As an engineering manager tackling a new problem, it’s a natural question to ask yourself. Your engineers kick ass, and given enough time, they’ll build a solution that fits your needs better than anything on the market. Of course, their time is also one of your company’s scarcest resources, and it’s your job to make sure it doesn’t get wasted — plus, you need this solution yesterday. So what do you do?
The most widely-cited rule of thumb is to build things that are “core” to your business, and buy (a term used loosely, in this age of SaaS and open source) the rest. This rule makes sense, and for some people it works well in practice. For me though, it leaves something to be desired, and I have a hard time applying it universally.
The reason is yak shaving. A large chunk of your team’s time is unavoidably spent doing things that actually aren’t core to your business, or each person’s role. For your developers, it might be maintaining integrations with buggy third-party APIs, managing dependencies, or refactoring old code. For marketing, it might be manually entering data, and creating and distributing reports. For sales, it might be pulling the same data on your customers over and over. And even though this type of work is unavoidable, minimizing it is the key to productivity.
The trouble with bought solutions is that, in many cases, they tend to attract yaks. There may be feature mismatch, which slows down the users of the solution and increases communication overhead. In the worst cases it can even prevent the solution from delivering on its promised value. Moreover, if there’s a technical integration, your engineering team often winds up shimming and debugging it, without the benefit of having written the code themselves. In comparison, an internal solution can save your team time by providing exactly the features you need, and technical modifications are easier since you wrote the code. It’s an upfront investment to be sure, but it can be worth it. Of course, this investment is obviously a giant hairy yak all by itself, and if it’s a hard problem, there’s a good chance you’ll actually do a worse job in the long-run than a dedicated outside team.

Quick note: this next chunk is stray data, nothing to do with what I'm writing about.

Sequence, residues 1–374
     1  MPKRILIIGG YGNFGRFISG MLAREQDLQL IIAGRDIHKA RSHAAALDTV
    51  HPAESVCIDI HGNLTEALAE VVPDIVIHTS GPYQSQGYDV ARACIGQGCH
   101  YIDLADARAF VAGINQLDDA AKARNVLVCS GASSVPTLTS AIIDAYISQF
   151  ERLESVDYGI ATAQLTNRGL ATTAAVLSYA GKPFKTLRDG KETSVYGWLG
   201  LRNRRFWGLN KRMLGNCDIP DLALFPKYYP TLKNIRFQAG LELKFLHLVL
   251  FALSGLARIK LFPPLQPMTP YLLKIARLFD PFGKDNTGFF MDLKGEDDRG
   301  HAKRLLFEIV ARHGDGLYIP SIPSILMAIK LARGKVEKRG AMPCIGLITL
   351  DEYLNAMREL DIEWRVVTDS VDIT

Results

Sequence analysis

For these reasons, I believe build or buy is a tricky call, and there are plenty of war stories favoring both sides. Wikipedia articles, for example, are written in a special markup language, originally developed as a simpler alternative to HTML. Over time, though, the language has grown organically to the point that no one actually knows how it works. If you want to see how something will render on Wikipedia, you just have to feed it in and see what you get. Though the original design goal was sound, it’s clear that an off-the-shelf solution would have left the project in a better place today.
Tornado on the other hand, is a popular Python web framework that was developed internally by FriendFeed. Usually building your own framework or language is a jumbo-sized yak to be avoided at all costs (cf. Asana) — after all, there’s plenty of these tools that work fine for thousands of developers already. But, given FriendFeed’s unusual (in 2008 anyway) real-time demands, and the quality of their implementation, Tornado wound up being a major win for them, and is credited with supporting both their core features and their eventual acquisition by Facebook.
A New Rule of Thumb
So what should you do when faced with a build or buy dilemma? I propose a new rule of thumb: build a quick-and-dirty solution internally, then reevaluate. This gives you some of the payoff quickly and without a cash expense (compared to commercial solutions). But more importantly, by biasing toward building it ensures that you truly grok the problem space. As an engineer, you’re probably the kind of person who best understands something by trying to build it yourself (potentially after you took it apart). Once you understand the requirements and the implementation difficulties deeply, you’ll be much better prepared to evaluate the available third-party options. Likewise, you’ll have a good idea of what it would take to build the full solution yourself — just be careful not to get sucked down this path prematurely.